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Page AR-15 » Ammunition
AR Sponsor: bravocompany
Posted: 10/8/2005 6:12:16 PM EDT
I was given 2000 rounds of spanish nato marked 5.56 ammo.  The ammo had gotten under water during hurricane Katrina.  I pulled some bullets and the powder was dry, but the brass cases have that green corrosion on them.  I can take 0000 steel wool and get it off, but dont want to do this for 2000 rounds.  What would be the easiest way to clean the brass up?  The same guy also gave me 1000 of Q3131a, but it was not corroded.  I will shoot both of them tomorrow to see if they still worl for sure, but I need to get them cleaned up.  Any ideas?
Link Posted: 10/8/2005 8:55:37 PM EDT
[#1]
toss 'em in a tumbler
Link Posted: 10/9/2005 12:47:48 AM EDT
[#2]
+1

Quoted:
toss 'em in a tumbler

Link Posted: 10/9/2005 4:32:48 AM EDT
[#3]
Vibratory bowl tumbler with walnut hull media. It's aggressive and will clean it quickly. A little polish couldn't hurt either.
Link Posted: 10/9/2005 5:02:53 AM EDT
[#4]
I dont have a tumbler.  Wouldnt that be dangerous bacause of the live primers and the bullets hitting together?  Does anyone have any other ideas?
Link Posted: 10/9/2005 5:10:48 AM EDT
[#5]

Quoted:
toss 'em in a tumbler


Bad idea.

What can happen is as the powder tumbles the granules breakup into smaller pieces. The smaller pieces will burn faster and thus generate more pressure.

This is what I've read in reloading manuals. You'll have to decide if the warning came from the technical department or the legal department.

Do not use brass polish like Brasso to clean them either. IIRC it will soften the brass.
Link Posted: 10/9/2005 5:13:48 AM EDT
[#6]

Quoted:
I dont have a tumbler.  Wouldnt that be dangerous bacause of the live primers and the bullets hitting together?  Does anyone have any other ideas?

I really doubt that the primers would get hit hard enought to fire.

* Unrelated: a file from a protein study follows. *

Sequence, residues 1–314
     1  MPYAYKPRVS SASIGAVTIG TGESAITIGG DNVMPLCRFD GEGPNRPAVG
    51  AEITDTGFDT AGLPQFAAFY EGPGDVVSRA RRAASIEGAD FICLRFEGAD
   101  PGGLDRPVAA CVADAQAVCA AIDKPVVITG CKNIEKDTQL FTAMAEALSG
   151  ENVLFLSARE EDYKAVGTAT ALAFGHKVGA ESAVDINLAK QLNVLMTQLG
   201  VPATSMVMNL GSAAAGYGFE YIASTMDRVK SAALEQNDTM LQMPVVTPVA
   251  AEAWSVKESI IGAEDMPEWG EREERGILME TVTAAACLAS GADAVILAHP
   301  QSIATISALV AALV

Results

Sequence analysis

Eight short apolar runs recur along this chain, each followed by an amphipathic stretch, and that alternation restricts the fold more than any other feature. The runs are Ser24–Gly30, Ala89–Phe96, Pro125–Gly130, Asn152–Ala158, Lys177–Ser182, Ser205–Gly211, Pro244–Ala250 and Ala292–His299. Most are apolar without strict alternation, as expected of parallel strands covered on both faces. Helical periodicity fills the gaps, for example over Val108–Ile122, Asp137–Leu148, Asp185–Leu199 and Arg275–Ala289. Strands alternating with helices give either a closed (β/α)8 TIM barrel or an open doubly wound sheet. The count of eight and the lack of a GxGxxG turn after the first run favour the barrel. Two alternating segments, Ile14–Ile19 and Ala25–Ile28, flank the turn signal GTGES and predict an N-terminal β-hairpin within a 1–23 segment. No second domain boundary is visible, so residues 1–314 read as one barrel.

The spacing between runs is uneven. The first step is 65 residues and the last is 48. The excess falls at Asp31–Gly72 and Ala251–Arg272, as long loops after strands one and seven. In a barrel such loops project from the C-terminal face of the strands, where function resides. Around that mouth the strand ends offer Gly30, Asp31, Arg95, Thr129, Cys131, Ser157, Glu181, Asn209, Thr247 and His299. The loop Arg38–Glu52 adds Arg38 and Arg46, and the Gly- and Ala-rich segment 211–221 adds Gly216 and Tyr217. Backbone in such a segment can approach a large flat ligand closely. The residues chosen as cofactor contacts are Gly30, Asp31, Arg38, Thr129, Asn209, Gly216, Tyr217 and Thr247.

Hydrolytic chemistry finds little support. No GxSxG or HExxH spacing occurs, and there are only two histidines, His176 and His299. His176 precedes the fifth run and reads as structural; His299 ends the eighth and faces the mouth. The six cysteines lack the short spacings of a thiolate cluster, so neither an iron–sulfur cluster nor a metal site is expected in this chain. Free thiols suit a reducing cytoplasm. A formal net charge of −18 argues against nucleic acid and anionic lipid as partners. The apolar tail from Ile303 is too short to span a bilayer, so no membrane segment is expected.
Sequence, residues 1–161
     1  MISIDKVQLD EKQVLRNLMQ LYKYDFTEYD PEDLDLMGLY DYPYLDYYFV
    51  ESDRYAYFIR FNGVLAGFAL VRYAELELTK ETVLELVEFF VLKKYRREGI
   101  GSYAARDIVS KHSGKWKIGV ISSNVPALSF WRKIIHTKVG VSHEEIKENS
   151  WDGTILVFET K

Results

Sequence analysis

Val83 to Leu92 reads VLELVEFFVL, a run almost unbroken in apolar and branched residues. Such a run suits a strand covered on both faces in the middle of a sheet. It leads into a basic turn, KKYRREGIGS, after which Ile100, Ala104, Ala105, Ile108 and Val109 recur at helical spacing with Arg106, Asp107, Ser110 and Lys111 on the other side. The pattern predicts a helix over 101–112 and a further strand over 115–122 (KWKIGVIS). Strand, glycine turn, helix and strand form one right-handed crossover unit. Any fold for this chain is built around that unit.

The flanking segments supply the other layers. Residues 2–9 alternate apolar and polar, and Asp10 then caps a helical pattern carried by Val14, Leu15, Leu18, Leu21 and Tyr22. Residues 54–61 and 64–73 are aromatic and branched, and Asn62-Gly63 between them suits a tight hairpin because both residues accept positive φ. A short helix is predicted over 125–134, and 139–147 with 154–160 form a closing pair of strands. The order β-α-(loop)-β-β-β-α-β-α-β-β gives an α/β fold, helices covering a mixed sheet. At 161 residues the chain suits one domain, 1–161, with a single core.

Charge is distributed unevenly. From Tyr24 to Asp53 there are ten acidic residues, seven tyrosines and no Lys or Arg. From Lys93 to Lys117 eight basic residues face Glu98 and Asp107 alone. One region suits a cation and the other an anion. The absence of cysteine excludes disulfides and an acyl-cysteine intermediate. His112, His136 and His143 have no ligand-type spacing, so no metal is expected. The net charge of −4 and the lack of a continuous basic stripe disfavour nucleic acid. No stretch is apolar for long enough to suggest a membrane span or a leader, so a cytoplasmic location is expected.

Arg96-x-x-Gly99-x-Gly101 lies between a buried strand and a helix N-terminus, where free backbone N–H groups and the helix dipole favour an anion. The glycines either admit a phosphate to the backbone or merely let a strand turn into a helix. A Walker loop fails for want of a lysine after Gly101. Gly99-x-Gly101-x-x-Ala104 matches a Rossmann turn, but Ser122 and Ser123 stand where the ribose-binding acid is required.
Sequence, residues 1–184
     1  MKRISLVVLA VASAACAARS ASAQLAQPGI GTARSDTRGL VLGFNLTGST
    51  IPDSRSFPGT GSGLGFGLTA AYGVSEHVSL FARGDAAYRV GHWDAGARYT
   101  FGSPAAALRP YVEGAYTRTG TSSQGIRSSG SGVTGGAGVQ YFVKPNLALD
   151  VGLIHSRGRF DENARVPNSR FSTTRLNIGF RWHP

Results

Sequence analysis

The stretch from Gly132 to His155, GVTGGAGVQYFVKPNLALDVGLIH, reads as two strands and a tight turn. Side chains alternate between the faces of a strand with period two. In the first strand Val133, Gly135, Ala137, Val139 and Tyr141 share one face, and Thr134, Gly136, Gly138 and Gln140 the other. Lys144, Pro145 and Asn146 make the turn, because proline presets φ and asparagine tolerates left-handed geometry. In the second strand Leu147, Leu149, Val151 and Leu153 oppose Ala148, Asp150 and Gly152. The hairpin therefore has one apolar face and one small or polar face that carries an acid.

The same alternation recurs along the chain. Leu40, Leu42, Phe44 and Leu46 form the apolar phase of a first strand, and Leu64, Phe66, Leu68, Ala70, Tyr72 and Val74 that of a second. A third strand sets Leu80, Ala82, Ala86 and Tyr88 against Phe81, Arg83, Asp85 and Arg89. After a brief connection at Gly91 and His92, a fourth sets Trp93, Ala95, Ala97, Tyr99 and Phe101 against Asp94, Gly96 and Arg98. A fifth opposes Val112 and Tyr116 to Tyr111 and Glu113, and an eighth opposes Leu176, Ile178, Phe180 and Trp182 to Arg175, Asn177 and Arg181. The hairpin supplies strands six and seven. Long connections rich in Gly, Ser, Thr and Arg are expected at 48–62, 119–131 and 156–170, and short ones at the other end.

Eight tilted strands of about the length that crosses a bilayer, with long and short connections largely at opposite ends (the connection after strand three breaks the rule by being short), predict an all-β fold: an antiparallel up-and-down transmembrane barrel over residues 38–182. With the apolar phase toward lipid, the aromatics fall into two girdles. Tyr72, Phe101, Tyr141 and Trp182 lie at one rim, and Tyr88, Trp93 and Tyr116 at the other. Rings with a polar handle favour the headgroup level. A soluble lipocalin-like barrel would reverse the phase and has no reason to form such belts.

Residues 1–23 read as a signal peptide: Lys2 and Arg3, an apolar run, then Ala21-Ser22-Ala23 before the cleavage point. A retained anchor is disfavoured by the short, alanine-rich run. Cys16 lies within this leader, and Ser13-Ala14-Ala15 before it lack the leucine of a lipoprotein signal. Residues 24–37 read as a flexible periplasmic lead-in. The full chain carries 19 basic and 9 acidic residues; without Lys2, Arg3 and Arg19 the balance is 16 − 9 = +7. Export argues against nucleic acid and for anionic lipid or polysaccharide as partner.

Link Posted: 10/9/2005 5:40:37 AM EDT
[#7]

Quoted:

Quoted:
toss 'em in a tumbler


Bad idea.

What can happen is as the powder tumbles the granules breakup into smaller pieces. The smaller pieces will burn faster and thus generate more pressure.





Internet myth.  Ammo manufacturers tumble ALL new ammo.  Much of the loose milsurp ammo is also tumbled, some in huge batches in a cement mixer (with appropriate media, of course).

Do not use polishes with amonia, it will weaken the brass.
Link Posted: 10/9/2005 10:43:59 AM EDT
[#8]

Quoted:Bad idea.

What can happen is as the powder tumbles the granules breakup into smaller pieces. The smaller pieces will burn faster and thus generate more pressure.

This is what I've read in reloading manuals. You'll have to decide if the warning came from the technical department or the legal department.

Do not use brass polish like Brasso to clean them either. IIRC it will soften the brass.



COMPLETELY WRONG!

This has been covered here before and some of the members here even contacted ammo/powder manufs!  They indicated that powder is not affected by tumbling.  In fact, during the blending process powder is tumbled extensively.